The European Commission has requested ECHA to prepare a restriction dossier regarding the use of intentionally added microplastic particles to consumer or professional use products of any kind.
For ECHA, microplastic is “a material consisting of solid polymer-containing particles, to which additives or other substances may have been added, and where ≥ 1% w/w of particles have (i) all dimensions 1nm ≤ x ≤ 5mm, or (ii), for fibres, a length of 3nm ≤ x ≤ 15mm and length to diameter ratio of >3”. In the industrial market, following that definition, microplastics represent the totality of the plastic world, because they are used and moved in pellets ranging from 2 to 3 mm.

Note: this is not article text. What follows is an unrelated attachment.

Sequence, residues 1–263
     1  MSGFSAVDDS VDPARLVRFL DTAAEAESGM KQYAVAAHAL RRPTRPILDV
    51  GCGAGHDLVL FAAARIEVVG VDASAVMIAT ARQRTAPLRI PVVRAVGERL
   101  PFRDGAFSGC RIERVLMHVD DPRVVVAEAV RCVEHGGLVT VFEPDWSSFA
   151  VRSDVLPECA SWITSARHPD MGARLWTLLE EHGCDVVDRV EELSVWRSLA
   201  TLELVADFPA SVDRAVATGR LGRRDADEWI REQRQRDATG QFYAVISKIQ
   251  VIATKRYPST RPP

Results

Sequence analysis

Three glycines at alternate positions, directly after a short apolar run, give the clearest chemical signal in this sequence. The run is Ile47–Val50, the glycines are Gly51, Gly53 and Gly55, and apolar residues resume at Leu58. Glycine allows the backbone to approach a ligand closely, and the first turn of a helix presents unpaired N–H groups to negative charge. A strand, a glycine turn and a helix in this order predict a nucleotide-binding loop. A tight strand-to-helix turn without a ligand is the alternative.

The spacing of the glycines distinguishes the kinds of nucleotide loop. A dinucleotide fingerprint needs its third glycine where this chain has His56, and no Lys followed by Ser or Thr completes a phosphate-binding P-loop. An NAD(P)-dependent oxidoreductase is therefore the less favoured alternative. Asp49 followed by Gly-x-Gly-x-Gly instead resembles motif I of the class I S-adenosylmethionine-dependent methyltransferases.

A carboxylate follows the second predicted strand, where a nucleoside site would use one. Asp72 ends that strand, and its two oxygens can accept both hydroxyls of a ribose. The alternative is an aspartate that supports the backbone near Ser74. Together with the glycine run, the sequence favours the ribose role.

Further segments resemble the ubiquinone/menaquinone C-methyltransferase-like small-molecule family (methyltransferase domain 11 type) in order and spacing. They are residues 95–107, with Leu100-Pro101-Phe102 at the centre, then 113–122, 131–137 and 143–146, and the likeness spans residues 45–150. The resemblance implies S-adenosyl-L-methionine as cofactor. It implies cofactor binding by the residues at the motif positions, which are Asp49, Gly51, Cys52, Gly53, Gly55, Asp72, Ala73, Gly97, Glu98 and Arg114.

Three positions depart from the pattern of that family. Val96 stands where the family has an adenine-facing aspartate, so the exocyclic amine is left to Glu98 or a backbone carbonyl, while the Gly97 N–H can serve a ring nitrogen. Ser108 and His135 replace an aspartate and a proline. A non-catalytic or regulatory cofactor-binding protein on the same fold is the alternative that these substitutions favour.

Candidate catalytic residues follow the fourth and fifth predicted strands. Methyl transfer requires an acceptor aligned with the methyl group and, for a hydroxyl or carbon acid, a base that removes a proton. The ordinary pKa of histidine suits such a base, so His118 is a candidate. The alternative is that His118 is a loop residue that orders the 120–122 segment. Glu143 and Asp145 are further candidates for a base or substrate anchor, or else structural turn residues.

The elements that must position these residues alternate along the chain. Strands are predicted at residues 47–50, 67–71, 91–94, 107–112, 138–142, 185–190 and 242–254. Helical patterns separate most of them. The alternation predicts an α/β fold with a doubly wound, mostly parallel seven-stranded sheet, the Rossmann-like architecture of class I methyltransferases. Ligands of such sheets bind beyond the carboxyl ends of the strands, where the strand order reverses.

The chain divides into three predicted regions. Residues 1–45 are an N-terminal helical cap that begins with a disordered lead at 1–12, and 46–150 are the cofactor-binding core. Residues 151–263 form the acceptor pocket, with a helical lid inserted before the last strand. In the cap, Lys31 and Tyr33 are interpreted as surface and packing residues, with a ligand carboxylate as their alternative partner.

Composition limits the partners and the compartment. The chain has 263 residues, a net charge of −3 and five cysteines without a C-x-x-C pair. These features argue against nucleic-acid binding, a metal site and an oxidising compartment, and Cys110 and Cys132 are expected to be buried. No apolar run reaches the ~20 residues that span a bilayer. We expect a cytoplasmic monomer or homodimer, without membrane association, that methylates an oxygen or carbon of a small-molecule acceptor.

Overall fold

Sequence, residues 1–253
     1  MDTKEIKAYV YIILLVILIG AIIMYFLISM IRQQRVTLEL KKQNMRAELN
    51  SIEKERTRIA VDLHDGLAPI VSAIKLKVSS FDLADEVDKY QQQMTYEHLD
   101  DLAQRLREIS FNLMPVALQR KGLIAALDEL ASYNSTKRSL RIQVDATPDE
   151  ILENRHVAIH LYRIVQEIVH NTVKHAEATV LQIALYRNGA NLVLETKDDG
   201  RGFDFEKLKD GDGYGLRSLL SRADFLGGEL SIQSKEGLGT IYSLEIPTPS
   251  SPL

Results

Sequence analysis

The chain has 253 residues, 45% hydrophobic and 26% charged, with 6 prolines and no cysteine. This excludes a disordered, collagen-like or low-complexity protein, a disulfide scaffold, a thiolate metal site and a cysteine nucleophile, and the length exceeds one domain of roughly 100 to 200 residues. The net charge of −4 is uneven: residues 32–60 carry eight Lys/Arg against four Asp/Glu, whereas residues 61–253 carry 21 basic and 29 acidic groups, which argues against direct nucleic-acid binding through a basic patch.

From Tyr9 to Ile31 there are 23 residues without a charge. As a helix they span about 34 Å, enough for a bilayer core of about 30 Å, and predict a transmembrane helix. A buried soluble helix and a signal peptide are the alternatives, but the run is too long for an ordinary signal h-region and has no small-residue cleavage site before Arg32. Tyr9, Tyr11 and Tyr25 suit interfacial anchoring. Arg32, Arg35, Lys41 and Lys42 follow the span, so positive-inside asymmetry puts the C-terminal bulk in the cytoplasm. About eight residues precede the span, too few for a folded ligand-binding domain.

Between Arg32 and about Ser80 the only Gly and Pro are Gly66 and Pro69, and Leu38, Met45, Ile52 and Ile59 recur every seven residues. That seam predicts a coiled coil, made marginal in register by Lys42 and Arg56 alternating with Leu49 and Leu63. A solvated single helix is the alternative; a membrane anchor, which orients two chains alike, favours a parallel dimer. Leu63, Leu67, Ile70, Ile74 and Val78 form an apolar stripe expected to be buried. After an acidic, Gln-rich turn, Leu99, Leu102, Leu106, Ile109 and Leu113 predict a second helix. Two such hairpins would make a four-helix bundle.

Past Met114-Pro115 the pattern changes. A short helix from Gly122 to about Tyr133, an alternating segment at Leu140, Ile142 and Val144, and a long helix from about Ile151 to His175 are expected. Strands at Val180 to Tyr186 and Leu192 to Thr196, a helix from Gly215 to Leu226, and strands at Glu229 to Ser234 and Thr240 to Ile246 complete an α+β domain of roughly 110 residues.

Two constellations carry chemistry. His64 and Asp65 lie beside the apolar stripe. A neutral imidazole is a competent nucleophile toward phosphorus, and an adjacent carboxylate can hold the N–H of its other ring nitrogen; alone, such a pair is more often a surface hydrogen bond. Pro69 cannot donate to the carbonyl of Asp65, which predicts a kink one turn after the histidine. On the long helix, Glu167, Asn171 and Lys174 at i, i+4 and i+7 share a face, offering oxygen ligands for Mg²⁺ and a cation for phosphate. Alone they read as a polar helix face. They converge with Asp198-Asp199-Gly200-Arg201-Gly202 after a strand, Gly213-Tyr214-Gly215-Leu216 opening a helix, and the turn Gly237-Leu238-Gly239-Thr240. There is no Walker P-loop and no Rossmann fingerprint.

Moreover, the suggested legislation is based only on microplastics intentionally added with the propose to ban them from the European market. People who buy and convert microplastics for industrial purpose, on the other hand, can continue to use them with two obligations:
- all the company of the supply chain will have to label the substances as PBT: persistent, bio-accumulative and toxic;
- all the final users will have to report yearly data about volumes, uses, types, etc.
This could have some implications:
- in the future, all the microplastics could be potentially classified as PBT: just think of an accidental fall in the environment during their transportation;
- in the reporting activities, the buyer will have to estimate how many substances could be lost in the environment. Not so easy.
Here you can read the state-of-art of ECHA dossier: “Restricting the use of intentionally added microplastic particles to consumer or professional use products of any kind”